By Aloha4 May 2021
Our craving for sugar and what it does to us
If it was the apple that did in Adam and Eve as per mythology, it’s sugar doing the same to us today! Extremely pleasurable, we seek and consume it where ever (and whenever) we find it without in most cases giving it a second thought about what it does to our bodies.
And why do humans love sugar? The answer, like every other thing about humans, has to do with our evolution. From the time we learnt to walk, we needed energy to out-run predators, and run consistently after prey. That, and the innate thing of linking everything sweet to foods that are fresh, eatable, non-toxic and not rotten meant we searched out sugary treats like fruits with excessive fructose and sweetness and consumed them whenever the chance came. These were times when, for all intents and purpose, we were still animals.
That was a good 12000 years back. There were jungles then, and we were as yet evolving. Cut to the present when practically every activity of ours has changed so drastically that anyone from those times could mistake us for complete aliens. We don’t hunt and gather, and in most cases don’t even cook our food. Most of us don’t farm or climb trees to get to the fruits. And most significantly, sugar today doesn’t equate only to fruits and natural foods, including honey. These days sugar in most cases means packaged goodies in forms including cakes, bakes, chocolates and everything sweet that we drool over.
What was at one time a reward for a certain amount of physical labour is today only a craving that gets satiated without physical efforts of any kind. Stretch your hand in any direction, open a drawer, pull out a bar of chocolate, and all the labour that is involved is prising open the wrapper. What has also changed is the amount of sugar that we consume courtesy of the treats that we eat. Fruits in their most natural state have nature to help guide their composition in terms of ingredients. For most other foods today, it’s us humans who decide, and in almost all cases ingredients are way different from what we need.
All this has led us to a state where we consume sugar as part of our cravings, which research shows only grows stronger with time. If it’s a measly tea-spoon today, you can be sure of its doubling shortly. We need sugar for practically every activity that we do- even during sleep. From the brain to the toes, sugar is probably the most commonly needed chemical. Things go wrong when our evolutionary trait of identifying sugar with things nice and nutritious kicks in. Sugar like morphine gives us a sense of pleasure and makes us consume it as often as possible- without consciously realizing the after-effects.
Over time, the brain’s neuroplasticity identifies sugar as a “must-have” commodity leading to ever-increasing craving. In time, this “must have at all cost” results in an addiction to everything sweet - especially manufactured foods that are seriously heavy in pure sugar. Not all the sugar we consume gets digested. A substantial part finds its way into our blood as blood sugar (not glucose, mind you!), the primary reason behind miseries arising out of diabetes. Some of it also gets stored as fat in places, including the liver, and between organs.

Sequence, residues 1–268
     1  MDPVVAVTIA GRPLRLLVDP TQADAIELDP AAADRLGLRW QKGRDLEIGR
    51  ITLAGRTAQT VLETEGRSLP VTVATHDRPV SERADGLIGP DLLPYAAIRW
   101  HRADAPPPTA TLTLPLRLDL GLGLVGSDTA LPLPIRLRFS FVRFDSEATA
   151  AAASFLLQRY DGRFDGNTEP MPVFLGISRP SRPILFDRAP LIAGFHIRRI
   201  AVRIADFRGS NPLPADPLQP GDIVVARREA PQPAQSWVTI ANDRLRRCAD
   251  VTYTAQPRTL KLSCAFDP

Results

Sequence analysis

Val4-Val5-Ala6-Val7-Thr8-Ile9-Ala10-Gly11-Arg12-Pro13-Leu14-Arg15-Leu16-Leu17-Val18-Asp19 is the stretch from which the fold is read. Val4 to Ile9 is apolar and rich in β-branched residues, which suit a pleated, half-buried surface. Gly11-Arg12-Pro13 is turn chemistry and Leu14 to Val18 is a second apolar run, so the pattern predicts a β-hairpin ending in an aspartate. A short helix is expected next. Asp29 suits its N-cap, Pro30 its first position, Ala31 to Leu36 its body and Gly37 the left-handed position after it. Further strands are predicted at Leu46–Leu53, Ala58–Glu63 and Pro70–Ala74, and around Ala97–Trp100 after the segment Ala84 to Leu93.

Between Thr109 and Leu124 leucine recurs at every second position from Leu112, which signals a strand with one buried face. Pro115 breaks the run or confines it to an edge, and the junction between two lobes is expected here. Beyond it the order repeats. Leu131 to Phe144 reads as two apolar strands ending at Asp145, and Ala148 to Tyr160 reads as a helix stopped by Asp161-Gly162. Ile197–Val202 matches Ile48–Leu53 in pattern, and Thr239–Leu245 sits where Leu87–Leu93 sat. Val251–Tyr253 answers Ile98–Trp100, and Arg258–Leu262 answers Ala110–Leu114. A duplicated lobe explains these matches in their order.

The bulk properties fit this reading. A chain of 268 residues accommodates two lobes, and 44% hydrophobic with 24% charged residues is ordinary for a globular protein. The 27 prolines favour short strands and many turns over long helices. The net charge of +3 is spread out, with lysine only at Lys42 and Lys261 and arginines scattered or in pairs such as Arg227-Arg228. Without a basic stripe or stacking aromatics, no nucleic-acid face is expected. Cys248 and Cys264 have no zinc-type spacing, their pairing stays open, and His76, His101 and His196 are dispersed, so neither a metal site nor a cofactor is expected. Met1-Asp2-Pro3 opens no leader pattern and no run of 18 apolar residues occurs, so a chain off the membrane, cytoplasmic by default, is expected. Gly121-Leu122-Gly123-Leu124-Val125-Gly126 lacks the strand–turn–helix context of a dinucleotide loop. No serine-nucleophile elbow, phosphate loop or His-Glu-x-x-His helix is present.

Like always, positive changes come about when we feel strongly about it in a conscious state - more strongly in fact than the negative “must-have” craving. Such a resolution is necessary given that constant consumption of sugary foods leads to our brain forming patterns that are difficult to change. They resist change. The only control that remains, and that’s vouched by recent studies, is self-control, which sometimes means drastic changes and conscious control.
India’s consumption of sugar according to AHA is close to the ideal (6 teaspoons or 24 grams for women and 9 teaspoons or 36 grams for men) though this could be erroneous on two counts. One, India’s population shows variations across demographies, be they related to places, cultures or races. Sugar-consumption patterns too are just as varied. Second, the better-off in India consume loads of processed foods, which sometimes equal those in the west. A surfeit of sugar and calories consumed long enough can bring about the onset of diabetes!
The only way things can change and stay that way is by self-control towards which a few steps may include:
India is on its way to be called, among others, the diabetes capital of the world, and rightly so for varied reasons. If you too are a diabetic or fear the onset of the same, please Aloha Clinics for help, including complete reversal of diabetes. Click here to know more!
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